Do We Have the Right to Judge
Murphy Peter (MurphyP@TCE.COM)
Thu, 27 Aug 1998 15:52:00 -0500
A couple of responses to one of our long and hot threads prompts me
to ask some questions for us to ponder privately: Do we have the right
to judge others?
To paraphrase several postings: what a person does on their own
time does not matter. It's not our place to judge or interfere. The
only thing that matters is 'is the person doing a good job?'
Is it really true that people can be one thing in private and another
in public? If so, would you want such a person as a role model?
Does one part of a person's life have any influence on the rest of
their life or are we able to compartmentalize all of our activities? Is a
person's character the sum of everything they do and say and believe?
In America, we have been told for years that we have no right to judge
the private lives of others. To do so risks being labeled "judgmental",
a "bigot", and "intolerant". To avoid these labels we must not disapprove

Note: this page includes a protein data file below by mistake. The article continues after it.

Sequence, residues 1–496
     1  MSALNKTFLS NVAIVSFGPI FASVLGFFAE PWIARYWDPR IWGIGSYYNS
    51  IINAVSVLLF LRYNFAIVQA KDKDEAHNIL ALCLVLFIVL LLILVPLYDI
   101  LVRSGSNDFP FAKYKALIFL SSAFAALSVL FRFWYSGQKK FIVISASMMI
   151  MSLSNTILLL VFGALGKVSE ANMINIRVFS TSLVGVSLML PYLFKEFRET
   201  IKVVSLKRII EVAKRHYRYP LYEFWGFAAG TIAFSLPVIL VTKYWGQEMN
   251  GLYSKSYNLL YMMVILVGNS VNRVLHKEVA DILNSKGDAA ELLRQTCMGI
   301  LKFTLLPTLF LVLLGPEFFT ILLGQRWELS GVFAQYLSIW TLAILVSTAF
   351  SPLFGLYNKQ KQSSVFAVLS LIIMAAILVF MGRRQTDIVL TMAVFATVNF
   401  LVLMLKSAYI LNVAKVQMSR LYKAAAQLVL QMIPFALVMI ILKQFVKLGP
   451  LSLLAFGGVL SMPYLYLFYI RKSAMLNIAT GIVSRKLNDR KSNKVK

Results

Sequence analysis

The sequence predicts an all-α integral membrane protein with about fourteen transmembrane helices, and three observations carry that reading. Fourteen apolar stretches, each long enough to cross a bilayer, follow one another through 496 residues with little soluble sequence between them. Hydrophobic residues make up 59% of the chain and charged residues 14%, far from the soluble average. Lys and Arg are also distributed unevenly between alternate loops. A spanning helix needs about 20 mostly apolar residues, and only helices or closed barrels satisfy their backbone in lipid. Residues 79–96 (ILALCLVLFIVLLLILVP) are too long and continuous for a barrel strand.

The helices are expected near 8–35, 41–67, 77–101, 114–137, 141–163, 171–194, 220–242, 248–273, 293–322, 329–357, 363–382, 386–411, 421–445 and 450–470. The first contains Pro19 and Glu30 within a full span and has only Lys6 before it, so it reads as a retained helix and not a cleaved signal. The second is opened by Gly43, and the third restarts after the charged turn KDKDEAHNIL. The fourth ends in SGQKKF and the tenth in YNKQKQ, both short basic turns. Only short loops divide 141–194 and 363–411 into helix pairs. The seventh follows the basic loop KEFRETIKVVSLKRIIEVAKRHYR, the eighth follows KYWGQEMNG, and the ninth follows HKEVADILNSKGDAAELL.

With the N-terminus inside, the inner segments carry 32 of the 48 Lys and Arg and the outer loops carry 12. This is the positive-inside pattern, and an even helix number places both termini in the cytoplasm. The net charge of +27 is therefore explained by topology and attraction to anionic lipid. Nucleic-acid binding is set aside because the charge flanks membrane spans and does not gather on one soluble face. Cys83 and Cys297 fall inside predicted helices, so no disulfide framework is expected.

or voice any objection to anyone's lifestyle or private actions. In the
name of tolerance we must accept everything and anything. Even if
we strongly disapprove of the matter.
"The only thing necessary for the triumph of evil is for good men to do
The drive towards universal tolerance has led a nation to agree that
"character doesn't matter". Recent opinion polls show that Americans do
not care if their President has lied to them or even if he lied under oath
as long as the economy is healthy and the policies they want are being
enacted. "Private" activities and character doesn't matter as long as he's
doing a good job.
The fear of being accused of discrimination froze a camp director from
taking any action when parents and boys objected to a cross-dressing
adult in camp.
Should we be BRAVE enough to stand up and voice our opinion when
we think something is wrong? If parents object to a lifestyle or profession
as being wrong or immoral, do they have the right to object to having
that person as a teacher/role model for their children? Do people of
character have the right to say "I think that is wrong" and not be
intimidated into silence by fear of being labeled "judgmental"?
You may argue in a civilized manner about the morality of being a
stripper or cross-dresser. However, please do not dismiss someone
else's concerns with the reasoning that what they do on their own time
is irrelevant as long as they do a good job.
I do not wish to debate the fitness of a Cubmaster of another pack.
I do wish to preserve the rights of myself and others to voice concerns.
If you are unhappy with the leaders in YOUR unit, speak up. And if
you do not get the satisfaction you desire, vote with your feet and move
to another unit.
Terry Howerton Sakima Group, Inc. SCOUTER Magazine Kansas City